Suburbs welcome wounded vets on 500-mile trek
Omar Duran learned the hard way this weekend how Barrington Hills got its name.
"Whoever called you all 'flatlanders' needs to take it away," said Duran, a retired Army staff sergeant from Clearwater, Florida.
He was one of more than 100 wounded military veterans who joined the Project Hero 2017 Barrington Honor Ride Sunday at the Barrington Hills Park District Riding Center.
Duran, who rides with a handcycle because of injuries suffered when a roadside bomb exploded in Afghanistan, was in the Northwest suburbs as part of the 500-mile UnitedHealthcare Great Lakes Challenge that began in Minnesota and ends Monday in Evanston.
On Sunday morning, the group pedaled from their hotel in Palatine to Barrington Hills to take part in the Honor Ride.
Organizer and Barrington Hills resident Colleen Konicek said the 7-year-old event benefits Honor Ride, a national nonprofit organization that helps veterans and first responders affected by injury, post-traumatic stress disorder and traumatic brain injury.
This year's event has raised more than $30,000, she said.
This is the first year the Barrington Honor Ride teamed with the weeklong Great Lakes Challenge. Konicek said the Barrington and Barrington Hills community hosted the veterans Saturday night.
"I think it's such a gift for our community, a great way for us to give back to people who have given everything in defense of this country," she said. "I say to them always 'We're the ones who should be thanking you.'"
The honor rides have benefited veterans such as Ken Richardson of Chicago, who entered the military at 17 and switched "from blue to green" when he moved from the Navy to the Army. He suffered injuries to his shoulder, elbow, knees, shins and back when a roadside bomb exploded in Iraq.
"This was the only world I knew and the only world I wanted to take part in," he said of the military. Project Hero helped him make the transition to civilian life and his current job with the BNSF railroad.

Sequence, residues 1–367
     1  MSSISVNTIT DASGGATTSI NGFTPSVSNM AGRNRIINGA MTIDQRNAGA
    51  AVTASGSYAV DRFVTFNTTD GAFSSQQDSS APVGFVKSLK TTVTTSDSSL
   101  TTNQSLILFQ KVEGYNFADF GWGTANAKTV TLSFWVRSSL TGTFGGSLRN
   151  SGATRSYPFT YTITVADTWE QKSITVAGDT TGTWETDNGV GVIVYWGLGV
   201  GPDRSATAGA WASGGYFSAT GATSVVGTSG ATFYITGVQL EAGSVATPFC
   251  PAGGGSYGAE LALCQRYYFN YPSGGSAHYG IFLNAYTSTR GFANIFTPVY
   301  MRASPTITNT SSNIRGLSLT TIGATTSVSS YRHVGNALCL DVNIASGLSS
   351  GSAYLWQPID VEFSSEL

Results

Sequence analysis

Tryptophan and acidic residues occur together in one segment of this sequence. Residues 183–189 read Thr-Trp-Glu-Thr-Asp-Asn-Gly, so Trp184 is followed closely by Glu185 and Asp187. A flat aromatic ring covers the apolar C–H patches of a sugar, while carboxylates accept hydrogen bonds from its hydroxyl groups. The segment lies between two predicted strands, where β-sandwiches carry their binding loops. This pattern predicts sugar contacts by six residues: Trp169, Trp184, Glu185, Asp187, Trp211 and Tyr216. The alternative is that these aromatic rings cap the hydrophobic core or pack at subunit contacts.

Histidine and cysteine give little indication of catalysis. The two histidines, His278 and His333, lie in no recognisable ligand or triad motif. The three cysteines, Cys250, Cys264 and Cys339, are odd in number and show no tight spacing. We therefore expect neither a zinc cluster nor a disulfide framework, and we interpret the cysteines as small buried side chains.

On Sunday, he was volunteering at one of the tents, helping with such tasks as folding T-shirts.
The challenge riders were clearly enjoying not only the local hospitality, but also the company of their fellow veterans.
Carlos Rodriguez, a former Marine Sergeant from Hampton, Virginia, mentioned the close camaraderie in the group.
"It's the closest you can get to being back in the military," said Rodriguez, who is dealing with severe injuries from an attack during the first Gulf War in 1991. Among other things, he said he needs a double knee replacement.
"You learn that you're not the only one going through this by yourself. It's great to find that out."
Velette Britt of Colorado Springs, Colorado said the Challenge provided the opportunity to "meet new friends, see old friends and spend time with people who know what I'm going through."
Britt, who was a staff sergeant in the Air Force, hit her head and broke her spinal cord after she flipped over her handlebars while mountain biking.
"It's been a really awesome challenge, pushing myself," said Britt, who now rides a handcycle.
Among those on hand Sunday greeting cyclists was Barrington Hills Village President Martin McLaughlin.
"(Being) able to say thank you and give back in a small way really honors their service, and we are really pleased to do it," he said.